Here’s a saint study about St. Basil the Great, complete with lesson ideas and activities.
By Kate Daneluk
To live a life where those you leave behind choose to add “the Great” to your name is quite an accomplishment. A look at the life of St. Basil reveals the type of life that defines greatness. Basil was an amazing example of a person gifted with tremendous talents who chose to use these talents in the service of the Church and the Kingdom of God.
About St. Basil the Great
Basil was one of ten children of St. Basil the Elder and St. Emmelia. He was born in Cappadocia in 330. Basil was a gifted scholar and lawyer. He was a gifted orator and opened a school of oratory. Despite his success in these endeavors, Basil felt a pull to the monastic life fueled by his studies of varied religious lives. He founded a monastery in Pontus and wrote a monastic rule. His rule and the Basilian Order is still active within the Eastern Church. He is referred to by some as the eastern counterpart of St. Benedict as they are both the key figures in the founding of monasticism. Basil directed the monastery until he was appointed bishop of Caesarea in 370 shortly after his ordination. Basil was ultimately responsible for the establishment of several monastic communities and the building of monasteries.
Basil was an advocate for social justice. Even in his youth, he volunteered in the ancient equivalent of a soup kitchen and organized relief distribution in times of famine. In later years, he built a nursing home and hospital which are considered to be the first of their kind. He worked especially to fight the prevalent human trafficking and organized prostitution of Cappadocia.
Basil is most well-known for his amazing orations and would preach twice a day to large crowds. He also was a tireless defender of the faith against the heresies of the time. He defended the faith against Arianism, a powerful heresy of the time. Arianism denied the divinity of Christ. With his close friend, Gregory of Nazianzus, he worked to combat its spread and educate the people. Basil spread the truths combating the heresy from the Council of Nicaea throughout the East and is responsible for the denunciation of Arianism at the Council of Constantinople. He even stood up successfully to Emperor Valens, who was a supporter of heretic leaders.
Basil died on January 1, 379. He is both a saint and Doctor of the Church. His writings, particularly those with Gregory, continue to be important works on understanding Church doctrine, particularly in Christology.
Fun facts about St. Basil the Great
St. Basil is the patron saint of:
- Hospital administrators
Titles for St. Basil:
- Basil of Caesarea
- Basil the Great
- Great Hierarch
- Doctor of the Church
- The Father of Monastic Communities
- Basil the Confessor
St. Basil the Great in your classroom:
The life of St. Basil can be utilized to help provide a Catholic perspective with several topics across the curriculum:
- History/Social Studies – human rights, human trafficking, Roman Empire, Byzantine Empire, famine, history of medicine
- Geography – Greece, Cappadocia, Caesarea, Rome, Byzantium
- Literature and Language Arts – topics of social justice, famine, welfare, education, public speaking and debate, persuasive essay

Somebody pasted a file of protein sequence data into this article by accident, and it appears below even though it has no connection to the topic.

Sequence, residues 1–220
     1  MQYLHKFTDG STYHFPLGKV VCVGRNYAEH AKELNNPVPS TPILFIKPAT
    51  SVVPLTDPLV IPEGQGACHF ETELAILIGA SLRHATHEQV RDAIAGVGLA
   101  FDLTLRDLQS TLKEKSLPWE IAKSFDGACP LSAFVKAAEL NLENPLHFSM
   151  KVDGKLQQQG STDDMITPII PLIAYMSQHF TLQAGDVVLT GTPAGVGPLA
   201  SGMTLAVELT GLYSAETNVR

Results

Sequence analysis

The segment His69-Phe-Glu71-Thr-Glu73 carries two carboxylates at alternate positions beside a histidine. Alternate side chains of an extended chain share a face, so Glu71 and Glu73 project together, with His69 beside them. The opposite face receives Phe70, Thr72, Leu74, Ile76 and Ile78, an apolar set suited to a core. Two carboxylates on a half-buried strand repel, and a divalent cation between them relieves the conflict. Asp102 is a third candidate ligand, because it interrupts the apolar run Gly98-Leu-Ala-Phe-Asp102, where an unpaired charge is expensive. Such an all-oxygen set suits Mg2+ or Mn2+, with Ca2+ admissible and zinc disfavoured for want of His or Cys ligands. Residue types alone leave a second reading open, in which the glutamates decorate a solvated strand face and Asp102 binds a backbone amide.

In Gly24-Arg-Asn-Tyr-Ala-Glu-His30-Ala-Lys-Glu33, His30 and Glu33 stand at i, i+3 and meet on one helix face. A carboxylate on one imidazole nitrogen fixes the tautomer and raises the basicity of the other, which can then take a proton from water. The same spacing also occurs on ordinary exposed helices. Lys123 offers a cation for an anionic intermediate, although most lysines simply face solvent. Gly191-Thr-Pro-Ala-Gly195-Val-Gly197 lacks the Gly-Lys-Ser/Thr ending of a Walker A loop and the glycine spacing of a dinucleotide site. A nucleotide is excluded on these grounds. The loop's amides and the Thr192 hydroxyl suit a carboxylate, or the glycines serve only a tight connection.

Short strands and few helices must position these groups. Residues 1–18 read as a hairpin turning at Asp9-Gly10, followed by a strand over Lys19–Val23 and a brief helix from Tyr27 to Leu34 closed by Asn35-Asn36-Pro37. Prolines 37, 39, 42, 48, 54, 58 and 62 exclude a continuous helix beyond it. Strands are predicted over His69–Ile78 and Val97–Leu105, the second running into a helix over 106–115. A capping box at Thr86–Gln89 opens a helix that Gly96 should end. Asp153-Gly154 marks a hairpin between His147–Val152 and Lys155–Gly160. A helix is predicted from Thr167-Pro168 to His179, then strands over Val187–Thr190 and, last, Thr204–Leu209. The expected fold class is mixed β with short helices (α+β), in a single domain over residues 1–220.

- Religion – Christology, Heresy (Arianism, in particular), stewardship, fortitude
- Reading and discussion (grades 3 and up): Either read aloud or have the class read an age-appropriate biography of St. Basil. Follow up with discussion questions (Adapt as needed for comprehension and vocabulary. These questions are designed for older students.):
- Basil’s parents and some of his siblings were canonized as well. Why do you think so many saints came from one family?
- Basil was very intelligent and had skills in leadership and oration and persuasion. How did he use these gifts throughout his life?
- Until his appointment as bishop, Basil chose the monastic life. What can we learn by his submission to the orders from the Church to reenter a more public and political office?
- Basil had much opposition to his work from the clergy, government, and the people. He was accused of corruption and heresy. How important do you think his friendship with Gregory was in his ability to cope with so much criticism and conflict?
- Greatness – (grades 1 and up) Reflect with your class on what makes St. Basil great and have students design posters or write essays that define “greatness”. Obviously, the sophistication of the project will vary by age level.
- Research Project (grades 7 and up) – Students can research and write a summary on prostitution and human trafficking in our world today, including what action we can take to help in the problem. Emphasize that prayer is a true way to help the victims and have each student compose a prayer to St. Basil for the victims of prostitution and human trafficking.
- Research Project (grades 5 and up) St. Basil is one of the Three Great Hierarchs of the Byzantine Rite within the Catholic Church. Students can write a paper on these important differences in organization for the Eastern Church and the various rites within the Catholic Church.
- Talent vs Charism (grades 4 and up) Basil is an excellent example of someone using his talents to the fullest. Read the biography of St. Basil and discuss the differences between talents and charisms. What talents did Basil possess and what charisms were gifted to him? St. Catherine of Siena Institute in Colorado Springs, CO has good material on discerning charisms if you wish to progress this lesson further.
Kate Daneluk is a former Catholic school teacher, early childhood music teacher, creator of the Making Music, Praying Twice music curriculum, and a homeschooling mother of six.